The US has sent a letter outlining its wishlist of reforms from the Ukrainian government that it would like to see implemented this winter, Ukrainska Pravda revealed on September 25.
The letter was sent by the White House Deputy National Security Advisor for International Economics to the Donor Co-ordination Platform, a leaked copy of which was seen by Ukrainska Pravda.
The conditions laid out in the list are aimed at strengthening Ukraine's resilience and enhancing its capacity for EU integration. However, some experts argue that the list contains an array of demands that may prove challenging to implement.
Energy markets: the first demand on the list calls for Ukraine to adopt procedures to enhance trading transparency in wholesale energy markets by April 1, 2024 to improve transparency and fairness in the energy markets.
State firms' supervisory boards: greater transparency and better corporate governance including entities such as Ukrenergo, Naftogaz, Energoatom and the Gas Transmission System Operator of Ukraine (GTSOU). The request is to align these boards with OECD corporate governance standards, a move seen as pivotal to improving corporate governance in these state-owned companies.
SAPO: strengthening the Special Anti-Corruption Prosecutor's Office (SAPO) with changes in the selection process, accountability mechanisms and greater independence in handling cases are all part of the proposed reforms. Additionally, providing SAPO with a separate extradition authority.
NABU: reinforcing the National Anti-Corruption Bureau of Ukraine (NABU) by adding detectives, forensics capabilities and improving oversight. Simultaneously, restoring asset declaration requirements for officials and judges, along with reviving political party financial disclosures, is sought to simplify the system and enhance transparency.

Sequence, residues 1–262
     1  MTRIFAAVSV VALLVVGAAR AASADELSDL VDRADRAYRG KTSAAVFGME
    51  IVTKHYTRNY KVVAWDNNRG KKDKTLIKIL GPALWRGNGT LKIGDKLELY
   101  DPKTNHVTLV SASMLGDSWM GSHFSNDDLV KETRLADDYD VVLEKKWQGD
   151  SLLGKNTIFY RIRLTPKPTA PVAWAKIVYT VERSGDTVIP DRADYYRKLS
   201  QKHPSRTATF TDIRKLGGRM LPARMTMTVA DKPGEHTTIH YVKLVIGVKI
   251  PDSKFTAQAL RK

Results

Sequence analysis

Judicial reforms: restarting the judicial selection process through the reformed High Qualification Commission of Judges is proposed, with a transparent process to fill approximately 2,000 vacancies. Reforming the notoriously corrupt Supreme Court, reviewing its integrity after several corruption scandals, and involving independent experts in selecting new justices are all listed and long overdue.
ARMA: strengthening the Asset Recovery and Management Agency (ARMA) by opening leadership positions to competition, improving transparency and enhancing its effectiveness.
Supreme Court: reform of the Supreme Court and expanding the nominally independent High Anti-Corruption Court by allowing some cases to be heard by a single judge, rather than panels of three, is seen as a pragmatic response to a growing caseload.
Anti-trust: the twelfth demand calls for updated merger review and anticompetitive inspection procedures for the Antimonopoly Committee by 2024.
Gas and power liberalisation: energy sector reform includes the implementation of a gas and electricity price liberalisation roadmap. This should include developing social protections to mitigate price increases and preparing the energy grid for EU integration.
Audits: strengthening the independence and professionalism of the Accounting Chamber and State Audit Service for oversight during reconstruction.
Military reform: more transparency in the military is needed to combat widespread corruption. The adoption of law #4210 is requested to bolster civilian control and oversight of the military and align military procurement and planning with NATO standards. Additionally, investment in women's participation in security, particularly through the Women, Peace, and Security initiative, is encouraged.
“All of these reforms are needed, but they take years if not decades even in the most advanced economies with great state capacity,” Tymofiy Mylovanov, rector of the Kyiv School of Economics (KSE) and former economics minister, said in a tweet. “Demanding these reforms to be implemented over the winter is setting up everyone for failure.”
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